“The one thing we’re not taught is how to keep ourselves passionate and engaged, which leads to success, with the work that we do. Entrepreneurs have an innate ability to create this for themselves–the problem is figuring out how to help those that don’t and need to be taught when building a team.” via The One Thing We Are Never Taught About Success | Inc.com.
6 mentoring myths: “1. Confusing a mentor with Yoda: believing that a leadership mentor is imbued with transcendent wisdom is a recipe for disaster. Right-size your expectations. A mentor may be experienced, but they are not all-knowing.” Read the other 5 myths here: “Your Leadership Mentor is Not Yoda” (and 5 other Mentoring Myths).
“Here are 5 steps that will keep your high performers from looking elsewhere.” Actually, all members of an organisation deserve these five things: 5 Steps to Keeping Your Top Performers | Inc.com.
“Regardless of how managers tell employees to behave, they’ll actually do whatever management shows them is the most advantageous way to behave.” via Management Rule No. 1: Show Don’t Tell | Inc.com.
“Problem finders are everywhere,” writes Murray. “Innovative problem solvers are rare. Imagination and thinking outside the box is scarce.” It’s Already Inside is a collection of well-told personal stories with solid leadership lessons. via Leading Blog: A Leadership Blog: 5 Leadership Lessons: It’s Already Inside You.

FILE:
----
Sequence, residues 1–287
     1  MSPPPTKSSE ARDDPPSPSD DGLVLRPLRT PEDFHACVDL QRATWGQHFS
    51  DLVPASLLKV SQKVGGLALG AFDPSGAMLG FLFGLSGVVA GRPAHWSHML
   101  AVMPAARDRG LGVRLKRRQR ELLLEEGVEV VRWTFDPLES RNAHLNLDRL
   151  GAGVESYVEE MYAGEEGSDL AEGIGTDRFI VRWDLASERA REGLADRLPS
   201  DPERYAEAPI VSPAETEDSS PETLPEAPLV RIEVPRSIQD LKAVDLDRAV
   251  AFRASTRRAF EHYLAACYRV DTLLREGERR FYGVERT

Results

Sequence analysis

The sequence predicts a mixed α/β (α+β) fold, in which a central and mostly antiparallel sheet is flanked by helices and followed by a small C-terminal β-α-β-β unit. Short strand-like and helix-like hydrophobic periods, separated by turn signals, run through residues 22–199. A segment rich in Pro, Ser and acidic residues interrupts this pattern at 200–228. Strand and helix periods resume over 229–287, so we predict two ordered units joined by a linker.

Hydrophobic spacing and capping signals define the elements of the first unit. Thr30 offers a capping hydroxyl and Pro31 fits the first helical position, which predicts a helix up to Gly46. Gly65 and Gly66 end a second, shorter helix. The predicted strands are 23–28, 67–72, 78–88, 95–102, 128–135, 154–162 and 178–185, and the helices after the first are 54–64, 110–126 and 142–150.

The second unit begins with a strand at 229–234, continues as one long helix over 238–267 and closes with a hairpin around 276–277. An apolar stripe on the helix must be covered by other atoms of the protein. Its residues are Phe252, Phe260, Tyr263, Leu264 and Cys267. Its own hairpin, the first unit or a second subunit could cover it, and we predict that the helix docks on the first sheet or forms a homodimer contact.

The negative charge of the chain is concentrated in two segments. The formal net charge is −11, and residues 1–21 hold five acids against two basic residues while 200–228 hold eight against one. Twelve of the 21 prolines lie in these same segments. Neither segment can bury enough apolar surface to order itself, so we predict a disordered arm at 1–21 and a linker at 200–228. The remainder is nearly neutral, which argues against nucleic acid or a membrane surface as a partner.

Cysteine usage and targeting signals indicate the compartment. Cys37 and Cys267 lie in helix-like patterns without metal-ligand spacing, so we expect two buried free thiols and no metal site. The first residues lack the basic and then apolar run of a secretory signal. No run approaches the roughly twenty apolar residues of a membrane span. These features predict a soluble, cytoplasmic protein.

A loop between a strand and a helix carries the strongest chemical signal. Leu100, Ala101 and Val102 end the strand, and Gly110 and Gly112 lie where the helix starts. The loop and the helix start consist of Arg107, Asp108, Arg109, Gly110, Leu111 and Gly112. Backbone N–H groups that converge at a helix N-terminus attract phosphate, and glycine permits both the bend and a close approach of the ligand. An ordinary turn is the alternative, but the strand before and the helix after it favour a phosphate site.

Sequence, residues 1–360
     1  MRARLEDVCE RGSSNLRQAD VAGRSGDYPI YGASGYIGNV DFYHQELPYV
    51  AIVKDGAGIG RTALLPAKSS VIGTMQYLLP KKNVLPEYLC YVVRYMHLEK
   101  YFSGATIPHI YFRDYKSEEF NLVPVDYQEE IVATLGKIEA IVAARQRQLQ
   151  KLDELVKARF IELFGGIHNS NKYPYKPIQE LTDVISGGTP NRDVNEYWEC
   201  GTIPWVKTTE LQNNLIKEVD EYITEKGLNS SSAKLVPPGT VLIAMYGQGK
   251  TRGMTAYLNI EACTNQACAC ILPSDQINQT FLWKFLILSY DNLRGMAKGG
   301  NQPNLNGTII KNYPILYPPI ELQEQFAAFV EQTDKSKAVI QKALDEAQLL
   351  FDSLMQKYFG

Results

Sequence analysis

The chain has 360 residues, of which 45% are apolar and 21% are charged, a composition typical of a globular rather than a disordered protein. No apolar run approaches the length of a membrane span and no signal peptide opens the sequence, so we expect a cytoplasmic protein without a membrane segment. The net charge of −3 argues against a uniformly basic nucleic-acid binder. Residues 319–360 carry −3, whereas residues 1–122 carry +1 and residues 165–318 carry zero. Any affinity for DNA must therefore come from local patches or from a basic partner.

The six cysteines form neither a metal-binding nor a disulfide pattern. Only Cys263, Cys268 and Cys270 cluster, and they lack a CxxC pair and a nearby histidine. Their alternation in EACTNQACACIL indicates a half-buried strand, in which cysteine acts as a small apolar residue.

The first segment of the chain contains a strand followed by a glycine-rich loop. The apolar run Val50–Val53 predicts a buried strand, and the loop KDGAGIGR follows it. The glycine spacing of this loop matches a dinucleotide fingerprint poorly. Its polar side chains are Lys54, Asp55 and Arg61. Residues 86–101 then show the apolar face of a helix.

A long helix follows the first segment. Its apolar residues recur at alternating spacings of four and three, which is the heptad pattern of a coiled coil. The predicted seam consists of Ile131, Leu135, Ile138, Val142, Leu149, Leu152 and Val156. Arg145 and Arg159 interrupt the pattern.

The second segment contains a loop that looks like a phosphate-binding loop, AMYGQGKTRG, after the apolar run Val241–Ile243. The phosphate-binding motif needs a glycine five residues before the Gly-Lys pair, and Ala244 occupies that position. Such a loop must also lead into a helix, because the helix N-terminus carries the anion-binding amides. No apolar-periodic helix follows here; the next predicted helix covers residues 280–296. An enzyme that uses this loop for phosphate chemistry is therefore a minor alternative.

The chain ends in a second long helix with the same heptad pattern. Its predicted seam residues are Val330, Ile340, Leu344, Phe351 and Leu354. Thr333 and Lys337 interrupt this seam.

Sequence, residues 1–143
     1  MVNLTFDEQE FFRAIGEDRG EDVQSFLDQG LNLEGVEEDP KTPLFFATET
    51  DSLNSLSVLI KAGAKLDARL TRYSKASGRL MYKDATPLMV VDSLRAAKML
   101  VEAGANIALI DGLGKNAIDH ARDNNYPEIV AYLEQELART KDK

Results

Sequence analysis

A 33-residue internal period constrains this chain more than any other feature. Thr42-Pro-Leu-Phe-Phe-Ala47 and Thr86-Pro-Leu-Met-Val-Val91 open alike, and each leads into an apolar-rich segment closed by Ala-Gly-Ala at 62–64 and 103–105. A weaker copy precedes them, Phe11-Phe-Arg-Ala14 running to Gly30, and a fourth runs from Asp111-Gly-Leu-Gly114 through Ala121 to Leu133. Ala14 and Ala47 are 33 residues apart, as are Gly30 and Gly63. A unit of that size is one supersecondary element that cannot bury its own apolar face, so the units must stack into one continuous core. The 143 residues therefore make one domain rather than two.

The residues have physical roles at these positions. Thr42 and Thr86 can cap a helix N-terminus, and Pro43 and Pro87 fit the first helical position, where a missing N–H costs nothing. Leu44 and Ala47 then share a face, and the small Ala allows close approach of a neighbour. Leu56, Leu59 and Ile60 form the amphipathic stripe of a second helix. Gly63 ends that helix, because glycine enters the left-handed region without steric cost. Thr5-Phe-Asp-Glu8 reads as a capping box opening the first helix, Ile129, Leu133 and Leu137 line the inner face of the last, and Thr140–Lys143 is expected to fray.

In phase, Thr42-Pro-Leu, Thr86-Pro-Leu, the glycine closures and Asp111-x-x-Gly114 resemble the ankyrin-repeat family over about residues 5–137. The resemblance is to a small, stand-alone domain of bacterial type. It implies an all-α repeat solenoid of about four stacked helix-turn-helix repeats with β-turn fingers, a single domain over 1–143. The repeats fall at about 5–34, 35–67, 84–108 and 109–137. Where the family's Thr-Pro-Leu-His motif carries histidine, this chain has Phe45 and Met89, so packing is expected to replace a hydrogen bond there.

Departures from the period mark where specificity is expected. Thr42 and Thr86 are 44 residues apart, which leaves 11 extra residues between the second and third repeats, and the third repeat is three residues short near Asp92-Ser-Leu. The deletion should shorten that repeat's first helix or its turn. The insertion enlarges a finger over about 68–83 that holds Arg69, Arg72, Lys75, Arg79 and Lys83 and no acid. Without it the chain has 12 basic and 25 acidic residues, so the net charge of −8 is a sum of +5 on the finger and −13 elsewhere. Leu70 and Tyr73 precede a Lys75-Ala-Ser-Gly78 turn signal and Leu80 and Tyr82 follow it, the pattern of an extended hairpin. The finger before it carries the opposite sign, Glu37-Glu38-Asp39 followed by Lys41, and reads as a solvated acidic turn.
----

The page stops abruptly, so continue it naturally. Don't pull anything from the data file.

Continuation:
Engaging leaders are builders–builders of people and of results. To become an engaging leader, you should constantly be building connections and confidence in your team members. Accomplish this, and you’ll see an increase in effort and satisfaction levels among employees. Here’s how. via To Be a Great Leader, Be a Builder | Inc.com.
“Humble Inquiry is the fine art of drawing someone out, of asking questions to which you do not already know the answer, of building a relationship based on curiosity and interest in the other person.” via Humble Inquiry: The Gentle Art of Asking Instead of Telling.
“Building trust in a coaching relationship is just the first step. Good coaches also put effort into finding the right coaching balance.” via Becoming a Great Workplace Coach | Inc.com.